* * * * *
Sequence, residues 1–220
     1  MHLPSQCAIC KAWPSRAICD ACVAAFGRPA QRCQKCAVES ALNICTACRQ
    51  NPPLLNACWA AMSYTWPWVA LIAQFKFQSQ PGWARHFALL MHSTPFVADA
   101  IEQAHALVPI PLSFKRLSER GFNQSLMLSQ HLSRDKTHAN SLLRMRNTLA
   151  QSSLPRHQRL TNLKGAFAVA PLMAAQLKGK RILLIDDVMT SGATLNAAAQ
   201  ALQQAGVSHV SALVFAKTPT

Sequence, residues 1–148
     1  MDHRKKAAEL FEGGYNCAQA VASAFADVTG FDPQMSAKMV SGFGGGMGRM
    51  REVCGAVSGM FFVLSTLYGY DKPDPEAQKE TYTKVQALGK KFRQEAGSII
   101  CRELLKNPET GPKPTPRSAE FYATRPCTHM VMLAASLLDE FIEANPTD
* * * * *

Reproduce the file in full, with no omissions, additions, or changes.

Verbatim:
Sequence, residues 1–220
     1  MHLPSQCAIC KAWPSRAICD ACVAAFGRPA QRCQKCAVES ALNICTACRQ
    51  NPPLLNACWA AMSYTWPWVA LIAQFKFQSQ PGWARHFALL MHSTPFVADA
   101  IEQAHALVPI PLSFKRLSER GFNQSLMLSQ HLSRDKTHAN SLLRMRNTLA
   151  QSSLPRHQRL TNLKGAFAVA PLMAAQLKGK RILLIDDVMT SGATLNAAAQ
   201  ALQQAGVSHV SALVFAKTPT

Sequence, residues 1–148
     1  MDHRKKAAEL FEGGYNCAQA VASAFADVTG FDPQMSAKMV SGFGGGMGRM
    51  REVCGAVSGM FFVLSTLYGY DKPDPEAQKE TYTKVQALGK KFRQEAGSII
   101  CRELLKNPET GPKPTPRSAE FYATRPCTHM VMLAASLLDE FIEANPTD